Finding the right Financial Adviser can be a complex and difficult project to pursue and then there is the implementation of that advice. What do you look for in a Financial Adviser and what does it entail?

What to look for?

  • Only deal with a licensed advisory business.
  • Ask them what qualifications do they hold – Tertiary degree and at the very least a Diploma of financial planning.
  • Ask if they are owned by a financial institution and make sure they are licensed to provide advice on all products.

Financial Advice is all about Financial Certainty. I can tell you quite clearly, what it’s not, is about financial products. Having a Financial adviser that provides advice on strategy is what delivers Financial Certainty.

In fact, by not having a financial adviser will only lead to greater uncertainty. You need to be very clear that when you seek advice that you should only pay for the strategy that gets you to your Final objective, and don’t pay for financial product and expensive platforms that hold your investments.


When you work with an adviser, you write down your financial objectives and revise these goals regularly to stay on track. This is a plan. Most people think by saying that they want to work less hours or holiday overseas each year is a goal – this isn’t a goal, it’s merely a direction.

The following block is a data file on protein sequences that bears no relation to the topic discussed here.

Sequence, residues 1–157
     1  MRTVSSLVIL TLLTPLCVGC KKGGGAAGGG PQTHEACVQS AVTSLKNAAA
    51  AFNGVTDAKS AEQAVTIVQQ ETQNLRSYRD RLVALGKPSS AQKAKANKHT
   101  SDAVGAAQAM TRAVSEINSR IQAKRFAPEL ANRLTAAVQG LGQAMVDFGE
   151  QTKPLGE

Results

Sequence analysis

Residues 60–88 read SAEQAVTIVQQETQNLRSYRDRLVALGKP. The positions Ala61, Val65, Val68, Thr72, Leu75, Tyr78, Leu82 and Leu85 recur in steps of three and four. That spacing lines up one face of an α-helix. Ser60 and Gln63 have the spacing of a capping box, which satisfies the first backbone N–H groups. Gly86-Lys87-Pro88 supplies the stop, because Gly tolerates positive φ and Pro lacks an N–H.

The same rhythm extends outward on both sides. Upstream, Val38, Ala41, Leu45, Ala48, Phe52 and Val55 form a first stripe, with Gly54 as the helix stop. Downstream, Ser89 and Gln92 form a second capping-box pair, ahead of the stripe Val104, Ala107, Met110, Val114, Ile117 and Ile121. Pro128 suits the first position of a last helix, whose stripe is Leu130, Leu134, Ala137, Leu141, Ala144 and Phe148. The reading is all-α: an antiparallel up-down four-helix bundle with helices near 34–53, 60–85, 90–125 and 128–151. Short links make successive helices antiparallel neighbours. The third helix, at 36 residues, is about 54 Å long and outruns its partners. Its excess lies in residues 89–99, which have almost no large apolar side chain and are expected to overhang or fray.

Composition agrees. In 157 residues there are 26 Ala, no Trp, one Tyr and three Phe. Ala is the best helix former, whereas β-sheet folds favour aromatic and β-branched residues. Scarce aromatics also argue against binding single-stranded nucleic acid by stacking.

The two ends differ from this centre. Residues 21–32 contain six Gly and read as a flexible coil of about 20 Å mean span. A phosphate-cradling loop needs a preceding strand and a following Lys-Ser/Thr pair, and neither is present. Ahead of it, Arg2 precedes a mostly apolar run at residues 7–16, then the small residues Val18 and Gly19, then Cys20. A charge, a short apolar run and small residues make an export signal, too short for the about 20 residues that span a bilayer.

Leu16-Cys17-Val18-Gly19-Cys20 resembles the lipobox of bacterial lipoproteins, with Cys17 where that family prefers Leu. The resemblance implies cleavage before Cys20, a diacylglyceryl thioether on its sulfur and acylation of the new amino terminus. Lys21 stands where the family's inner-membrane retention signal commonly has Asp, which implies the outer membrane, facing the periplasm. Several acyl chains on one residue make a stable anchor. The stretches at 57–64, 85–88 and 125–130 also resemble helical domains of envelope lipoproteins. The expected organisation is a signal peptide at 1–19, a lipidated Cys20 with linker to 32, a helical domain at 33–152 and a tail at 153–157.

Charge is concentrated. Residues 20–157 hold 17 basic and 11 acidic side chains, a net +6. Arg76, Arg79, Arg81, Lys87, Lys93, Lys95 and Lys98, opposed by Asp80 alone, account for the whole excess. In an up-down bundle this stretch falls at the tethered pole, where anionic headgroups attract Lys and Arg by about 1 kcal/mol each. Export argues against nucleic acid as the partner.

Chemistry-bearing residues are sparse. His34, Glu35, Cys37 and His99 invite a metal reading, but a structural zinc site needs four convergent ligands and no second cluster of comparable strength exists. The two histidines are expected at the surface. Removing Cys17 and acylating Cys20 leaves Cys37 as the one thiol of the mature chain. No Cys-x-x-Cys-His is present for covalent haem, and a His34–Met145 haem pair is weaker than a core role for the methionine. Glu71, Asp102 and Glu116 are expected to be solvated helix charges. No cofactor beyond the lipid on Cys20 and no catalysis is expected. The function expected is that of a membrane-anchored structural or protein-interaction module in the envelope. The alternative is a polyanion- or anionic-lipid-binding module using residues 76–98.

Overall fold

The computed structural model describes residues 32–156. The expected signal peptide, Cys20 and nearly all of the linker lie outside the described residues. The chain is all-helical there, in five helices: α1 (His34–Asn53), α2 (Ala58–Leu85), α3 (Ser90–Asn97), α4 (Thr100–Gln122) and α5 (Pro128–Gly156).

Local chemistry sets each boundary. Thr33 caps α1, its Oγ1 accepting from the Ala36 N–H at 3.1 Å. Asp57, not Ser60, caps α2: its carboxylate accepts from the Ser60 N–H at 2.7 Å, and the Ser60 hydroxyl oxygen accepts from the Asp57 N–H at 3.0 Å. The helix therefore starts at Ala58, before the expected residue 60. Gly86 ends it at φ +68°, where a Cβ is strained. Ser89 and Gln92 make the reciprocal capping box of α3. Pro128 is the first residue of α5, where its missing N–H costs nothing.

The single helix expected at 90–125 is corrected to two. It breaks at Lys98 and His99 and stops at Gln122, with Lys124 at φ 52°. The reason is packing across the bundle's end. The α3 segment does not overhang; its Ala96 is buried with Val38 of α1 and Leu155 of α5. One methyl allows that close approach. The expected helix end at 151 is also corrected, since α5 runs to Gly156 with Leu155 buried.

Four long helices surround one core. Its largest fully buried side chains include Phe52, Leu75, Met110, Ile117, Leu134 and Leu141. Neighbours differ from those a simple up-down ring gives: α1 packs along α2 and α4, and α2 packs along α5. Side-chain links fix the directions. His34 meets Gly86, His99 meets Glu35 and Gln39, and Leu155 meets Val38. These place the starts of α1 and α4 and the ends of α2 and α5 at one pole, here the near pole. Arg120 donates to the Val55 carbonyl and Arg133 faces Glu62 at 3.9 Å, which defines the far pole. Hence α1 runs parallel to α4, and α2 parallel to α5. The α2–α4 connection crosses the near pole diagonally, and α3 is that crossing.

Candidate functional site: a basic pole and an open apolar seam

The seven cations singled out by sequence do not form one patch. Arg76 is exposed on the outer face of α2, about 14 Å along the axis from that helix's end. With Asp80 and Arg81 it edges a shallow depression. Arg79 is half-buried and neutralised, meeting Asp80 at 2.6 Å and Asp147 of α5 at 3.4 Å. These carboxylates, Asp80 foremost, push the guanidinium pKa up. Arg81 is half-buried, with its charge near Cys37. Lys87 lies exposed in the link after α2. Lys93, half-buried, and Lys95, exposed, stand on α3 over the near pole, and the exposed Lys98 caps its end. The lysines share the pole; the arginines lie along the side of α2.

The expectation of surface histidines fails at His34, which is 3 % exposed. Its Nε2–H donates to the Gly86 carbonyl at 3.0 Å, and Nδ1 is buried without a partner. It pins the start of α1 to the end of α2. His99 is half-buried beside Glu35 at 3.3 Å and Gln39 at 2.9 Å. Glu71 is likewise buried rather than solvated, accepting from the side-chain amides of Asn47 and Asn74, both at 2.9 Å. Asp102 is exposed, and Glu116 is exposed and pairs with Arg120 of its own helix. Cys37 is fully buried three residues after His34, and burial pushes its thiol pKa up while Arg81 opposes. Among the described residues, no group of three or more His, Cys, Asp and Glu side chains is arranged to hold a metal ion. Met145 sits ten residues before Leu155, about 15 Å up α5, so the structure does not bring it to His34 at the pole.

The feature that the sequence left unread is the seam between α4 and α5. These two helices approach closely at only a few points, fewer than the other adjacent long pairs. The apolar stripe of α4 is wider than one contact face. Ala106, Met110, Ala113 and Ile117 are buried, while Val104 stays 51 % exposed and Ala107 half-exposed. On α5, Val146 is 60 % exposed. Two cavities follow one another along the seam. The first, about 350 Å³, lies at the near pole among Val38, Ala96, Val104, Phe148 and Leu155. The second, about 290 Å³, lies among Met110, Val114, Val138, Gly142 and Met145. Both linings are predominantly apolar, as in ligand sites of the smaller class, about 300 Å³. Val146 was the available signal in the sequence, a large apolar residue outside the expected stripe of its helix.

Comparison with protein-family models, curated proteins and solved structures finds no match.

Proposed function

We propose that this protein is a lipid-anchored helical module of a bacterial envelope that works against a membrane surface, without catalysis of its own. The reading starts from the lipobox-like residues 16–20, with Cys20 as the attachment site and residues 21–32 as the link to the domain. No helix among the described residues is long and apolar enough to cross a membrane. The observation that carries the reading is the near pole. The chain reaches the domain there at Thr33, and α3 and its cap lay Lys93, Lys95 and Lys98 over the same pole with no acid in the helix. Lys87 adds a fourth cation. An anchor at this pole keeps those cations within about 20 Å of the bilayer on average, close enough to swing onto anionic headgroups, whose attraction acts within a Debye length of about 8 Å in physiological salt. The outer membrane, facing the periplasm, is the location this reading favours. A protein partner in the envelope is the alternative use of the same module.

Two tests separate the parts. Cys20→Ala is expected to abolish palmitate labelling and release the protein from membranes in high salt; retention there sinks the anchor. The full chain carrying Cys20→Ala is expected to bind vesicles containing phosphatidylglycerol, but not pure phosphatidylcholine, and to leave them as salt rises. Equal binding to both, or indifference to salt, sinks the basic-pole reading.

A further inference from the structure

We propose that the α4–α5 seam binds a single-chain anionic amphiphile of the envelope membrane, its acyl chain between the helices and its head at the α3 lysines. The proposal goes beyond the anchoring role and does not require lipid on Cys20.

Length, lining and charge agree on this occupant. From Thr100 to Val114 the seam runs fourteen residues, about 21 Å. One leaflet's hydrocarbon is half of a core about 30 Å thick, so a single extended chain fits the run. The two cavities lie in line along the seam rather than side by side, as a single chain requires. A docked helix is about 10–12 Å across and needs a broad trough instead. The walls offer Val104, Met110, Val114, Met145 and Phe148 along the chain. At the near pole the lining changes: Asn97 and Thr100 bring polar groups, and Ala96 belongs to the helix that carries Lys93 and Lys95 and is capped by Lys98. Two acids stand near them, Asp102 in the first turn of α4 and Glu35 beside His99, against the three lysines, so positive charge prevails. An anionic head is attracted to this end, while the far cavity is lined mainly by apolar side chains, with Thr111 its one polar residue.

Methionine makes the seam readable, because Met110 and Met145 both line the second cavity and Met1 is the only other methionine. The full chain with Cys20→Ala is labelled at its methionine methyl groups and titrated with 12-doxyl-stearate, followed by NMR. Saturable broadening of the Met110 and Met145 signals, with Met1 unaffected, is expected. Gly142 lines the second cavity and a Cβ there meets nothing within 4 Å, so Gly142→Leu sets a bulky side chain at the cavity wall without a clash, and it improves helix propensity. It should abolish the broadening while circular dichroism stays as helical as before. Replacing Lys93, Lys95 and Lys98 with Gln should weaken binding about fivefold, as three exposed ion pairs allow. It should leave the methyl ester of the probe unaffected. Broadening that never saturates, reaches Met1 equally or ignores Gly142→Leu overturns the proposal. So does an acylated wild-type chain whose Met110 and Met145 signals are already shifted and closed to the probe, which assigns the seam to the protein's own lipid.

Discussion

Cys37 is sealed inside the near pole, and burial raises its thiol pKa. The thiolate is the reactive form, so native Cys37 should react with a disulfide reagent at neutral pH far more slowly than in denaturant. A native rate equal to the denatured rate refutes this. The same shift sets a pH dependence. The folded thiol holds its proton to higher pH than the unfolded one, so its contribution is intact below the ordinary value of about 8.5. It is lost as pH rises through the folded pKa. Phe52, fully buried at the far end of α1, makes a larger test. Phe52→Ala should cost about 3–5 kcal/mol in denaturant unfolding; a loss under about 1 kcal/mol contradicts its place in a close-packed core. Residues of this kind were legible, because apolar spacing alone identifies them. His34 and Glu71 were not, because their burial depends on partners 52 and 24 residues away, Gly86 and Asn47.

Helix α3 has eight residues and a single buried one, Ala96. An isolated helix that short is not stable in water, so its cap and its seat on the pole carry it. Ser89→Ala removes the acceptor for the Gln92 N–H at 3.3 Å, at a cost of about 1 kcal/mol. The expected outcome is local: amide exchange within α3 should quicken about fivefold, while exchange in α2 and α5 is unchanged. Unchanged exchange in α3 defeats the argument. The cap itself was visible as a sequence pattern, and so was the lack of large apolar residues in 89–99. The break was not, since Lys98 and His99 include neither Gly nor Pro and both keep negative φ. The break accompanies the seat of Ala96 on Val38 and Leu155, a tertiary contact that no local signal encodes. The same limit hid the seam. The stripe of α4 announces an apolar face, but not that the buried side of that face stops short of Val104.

Saying you want to retire at 64 years of age, and live on $105,000 per year, indexed year until death is a goal. Every client is different; here is a typical process you will be engaged to follow if we agree to work together.

  • First meeting – client describes what they are trying to achieve.
  • Second meeting – Prior to any advice provided, the Adviser sends an Engagement letter defining the needs of the advice required and sets forth a program for the Client to approve.
  • Assuming both parties engage, a client undertakes completing a Fact Find/Client profile (i.e. collecting personal data)
  • Third meeting – SoA is presented, clear objectives are stated and the Implementation commences.
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Smart Advice for a Changing World

Most financial or investment mistakes are driven by emotional errors, not by a calculated one. It’s important to know that we all have different investment wiring and therefore we acknowledge that every person and conversation is going to be different. Understanding your situation is central to everything we do.